What We’re Watching: Italy’s new leadership questions, Russia’s martial law, US midterm messaging
Meloni faces uphill battle in Italy
How long can any Italian government last? That’s a good question in a country that has had 67 governments in the past 76 years. Now Giorgia Meloni, head of the far-right Brothers of Italy party, is set to take over as prime minister, and the going won’t be easy. The economy is hurtling towards recession, says the IMF, while consumer prices are soaring, particularly for energy – in part due to the war in Ukraine. But while she has pledged continued support for Ukraine, Meloni’s coalition partner Silvio Berlusconi, head of Forza Italia, has signaled a different view. The aging former prime minister and media mogul is picking fights over ministerial posts, belittling Meloni publicly, and in a leaked recording, talked about recently exchanging liquor with Vladimir Putin while questioning Italy’s support for Kyiv. Berlusconi is a minor partner compared to the more powerful Matteo Salvini and his rightist League Party, but Meloni has also clashed with Salvini on energy matters. So we’ll be watching to see how warm and cozy this coalition stays as Meloni heads into a winter of troubles.
Putin declares martial law
Well, he still refuses to call it a “war,” but as Russian forces continue to reel from a Ukrainian counteroffensive, President Vladimir Putin on Wednesday declared martial law in four regions of Ukraine that he illegally annexed in September. The decree gives the local governors broad powers to forcibly relocate, detain, or otherwise restrict the liberties of the population. In a separate decree, Putin also expanded the powers of governors elsewhere in Russia proper to do the same. The move comes as officials in the province of Kherson, seized by Russia in early March, began evacuating large numbers of people ahead of a feared Ukrainian advance on the capital city. Kherson city is a key port located where the Dnipro River meets the Black Sea. The surrounding region gives overland access from mainland Ukraine to the Crimean peninsula, which Russia illegally annexed in 2014. With the recently sabotaged Kerch Strait bridge unlikely to be fully repaired before next summer, Kherson is a crucial strategic prize for both sides.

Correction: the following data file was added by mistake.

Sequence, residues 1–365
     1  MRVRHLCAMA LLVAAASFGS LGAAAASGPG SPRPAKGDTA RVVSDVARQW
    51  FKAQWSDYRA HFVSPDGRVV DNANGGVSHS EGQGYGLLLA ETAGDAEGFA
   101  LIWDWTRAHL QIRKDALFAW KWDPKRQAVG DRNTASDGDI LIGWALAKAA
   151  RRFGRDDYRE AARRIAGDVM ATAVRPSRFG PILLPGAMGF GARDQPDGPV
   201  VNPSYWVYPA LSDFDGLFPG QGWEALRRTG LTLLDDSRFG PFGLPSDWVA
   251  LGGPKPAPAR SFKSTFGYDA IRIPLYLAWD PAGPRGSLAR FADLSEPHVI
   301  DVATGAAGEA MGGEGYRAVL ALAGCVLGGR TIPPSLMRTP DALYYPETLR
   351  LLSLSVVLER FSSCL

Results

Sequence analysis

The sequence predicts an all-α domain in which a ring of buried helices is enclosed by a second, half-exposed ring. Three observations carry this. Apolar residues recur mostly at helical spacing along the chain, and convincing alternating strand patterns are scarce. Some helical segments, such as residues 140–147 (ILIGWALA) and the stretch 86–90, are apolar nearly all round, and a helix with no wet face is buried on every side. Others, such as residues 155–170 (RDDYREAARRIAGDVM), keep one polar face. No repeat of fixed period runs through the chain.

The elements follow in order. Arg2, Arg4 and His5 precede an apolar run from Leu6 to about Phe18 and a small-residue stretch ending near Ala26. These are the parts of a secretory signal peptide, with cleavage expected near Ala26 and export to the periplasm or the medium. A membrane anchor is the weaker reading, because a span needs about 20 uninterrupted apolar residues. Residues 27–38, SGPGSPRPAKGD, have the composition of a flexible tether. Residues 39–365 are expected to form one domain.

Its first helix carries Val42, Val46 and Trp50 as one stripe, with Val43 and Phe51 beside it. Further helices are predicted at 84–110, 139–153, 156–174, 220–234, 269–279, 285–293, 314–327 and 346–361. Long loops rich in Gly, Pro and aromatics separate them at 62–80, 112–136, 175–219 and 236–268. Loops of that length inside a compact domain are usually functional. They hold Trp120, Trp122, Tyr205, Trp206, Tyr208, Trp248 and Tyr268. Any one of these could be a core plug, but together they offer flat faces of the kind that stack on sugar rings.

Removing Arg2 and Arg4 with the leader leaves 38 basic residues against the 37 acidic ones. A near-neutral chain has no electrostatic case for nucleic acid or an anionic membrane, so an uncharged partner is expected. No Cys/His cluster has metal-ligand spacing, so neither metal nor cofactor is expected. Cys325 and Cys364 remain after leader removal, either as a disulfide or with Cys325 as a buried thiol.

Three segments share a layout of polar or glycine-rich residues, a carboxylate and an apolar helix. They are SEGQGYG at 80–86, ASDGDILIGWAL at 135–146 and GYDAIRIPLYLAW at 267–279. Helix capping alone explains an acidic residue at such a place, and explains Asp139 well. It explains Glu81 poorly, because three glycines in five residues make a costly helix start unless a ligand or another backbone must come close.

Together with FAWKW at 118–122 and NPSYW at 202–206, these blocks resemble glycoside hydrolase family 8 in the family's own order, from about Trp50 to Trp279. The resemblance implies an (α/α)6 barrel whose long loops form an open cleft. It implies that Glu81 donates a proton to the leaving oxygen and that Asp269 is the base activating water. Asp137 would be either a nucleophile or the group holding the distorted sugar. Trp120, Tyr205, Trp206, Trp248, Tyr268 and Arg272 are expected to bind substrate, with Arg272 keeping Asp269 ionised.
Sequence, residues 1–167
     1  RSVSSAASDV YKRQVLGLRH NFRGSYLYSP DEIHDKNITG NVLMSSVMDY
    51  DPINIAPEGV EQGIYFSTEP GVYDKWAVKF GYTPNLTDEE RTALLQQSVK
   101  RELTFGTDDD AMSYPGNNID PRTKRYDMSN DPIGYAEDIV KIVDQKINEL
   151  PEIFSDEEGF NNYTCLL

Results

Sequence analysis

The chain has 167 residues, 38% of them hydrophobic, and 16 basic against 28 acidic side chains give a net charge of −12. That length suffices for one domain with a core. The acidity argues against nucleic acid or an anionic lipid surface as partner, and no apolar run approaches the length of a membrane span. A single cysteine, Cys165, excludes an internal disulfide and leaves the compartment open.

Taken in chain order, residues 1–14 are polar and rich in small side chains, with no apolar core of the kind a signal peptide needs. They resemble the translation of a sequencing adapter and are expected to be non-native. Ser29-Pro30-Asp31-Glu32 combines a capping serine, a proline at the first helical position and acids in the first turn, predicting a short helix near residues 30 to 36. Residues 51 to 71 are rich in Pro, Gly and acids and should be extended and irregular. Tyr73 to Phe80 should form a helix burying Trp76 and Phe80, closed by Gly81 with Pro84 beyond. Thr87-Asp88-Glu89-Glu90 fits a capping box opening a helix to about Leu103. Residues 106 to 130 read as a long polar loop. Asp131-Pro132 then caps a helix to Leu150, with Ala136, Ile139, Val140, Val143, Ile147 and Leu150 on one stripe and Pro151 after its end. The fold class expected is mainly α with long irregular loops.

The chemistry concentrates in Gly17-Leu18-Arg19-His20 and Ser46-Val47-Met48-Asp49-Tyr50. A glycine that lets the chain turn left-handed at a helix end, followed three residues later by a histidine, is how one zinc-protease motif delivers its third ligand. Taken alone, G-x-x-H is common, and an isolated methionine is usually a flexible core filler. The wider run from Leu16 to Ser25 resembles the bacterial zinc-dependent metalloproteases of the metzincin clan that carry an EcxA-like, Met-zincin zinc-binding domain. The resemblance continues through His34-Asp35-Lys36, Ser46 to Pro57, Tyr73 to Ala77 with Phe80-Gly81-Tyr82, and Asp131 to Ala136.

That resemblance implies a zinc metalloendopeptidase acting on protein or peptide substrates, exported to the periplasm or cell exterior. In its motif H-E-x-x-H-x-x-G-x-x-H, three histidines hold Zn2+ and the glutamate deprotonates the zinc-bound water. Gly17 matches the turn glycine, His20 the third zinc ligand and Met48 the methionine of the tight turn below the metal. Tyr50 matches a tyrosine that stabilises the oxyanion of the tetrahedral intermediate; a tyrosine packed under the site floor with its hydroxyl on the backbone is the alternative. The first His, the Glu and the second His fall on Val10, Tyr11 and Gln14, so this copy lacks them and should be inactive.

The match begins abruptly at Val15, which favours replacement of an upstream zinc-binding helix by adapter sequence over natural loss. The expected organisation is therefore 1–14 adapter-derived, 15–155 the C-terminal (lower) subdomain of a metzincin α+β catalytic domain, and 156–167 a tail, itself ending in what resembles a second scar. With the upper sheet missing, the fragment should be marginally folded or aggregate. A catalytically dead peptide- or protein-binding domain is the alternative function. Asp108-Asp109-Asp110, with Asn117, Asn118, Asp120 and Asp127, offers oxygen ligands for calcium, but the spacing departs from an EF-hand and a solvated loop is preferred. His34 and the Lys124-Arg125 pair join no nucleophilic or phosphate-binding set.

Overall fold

US midterms roundup: both sides taking best shots nowWith the US midterm elections less than three weeks away, both Republicans and Democrats are zeroing in on some key messages. The latest polling shows things edging the Republicans’ way, but the races remain extremely tight. President Joe Biden on Tuesday tried to light a fresh fire under Democrats by promising to Federally codify abortion rights if Democrats can improve on their effective 51-seat majority in the Senate and hold on to the House. Biden has also promised to release more crude from the US’ emergency stockpiles this winter to tamp down high energy costs. The GOP, for their part, are hammering the administration over their own voters’ key issues: the highest inflation in 40 years, an uptick in crime in some big cities, and record numbers of undocumented immigrants at the southern border. But House GOP leader Kevin McCarthy on Tuesday played a new card that we may see more of, promising to revisit support for Ukraine if his party retakes the House. His remarks expose a potential rift between America First Republicans, who are skeptical of supporting Ukraine, and more establishment GOP Russia hawks. Still, about two-thirds of Americans support Washington’s current policy of arming Ukraine.
This article comes to you from the Signal newsletter team of GZERO Media. Sign up today.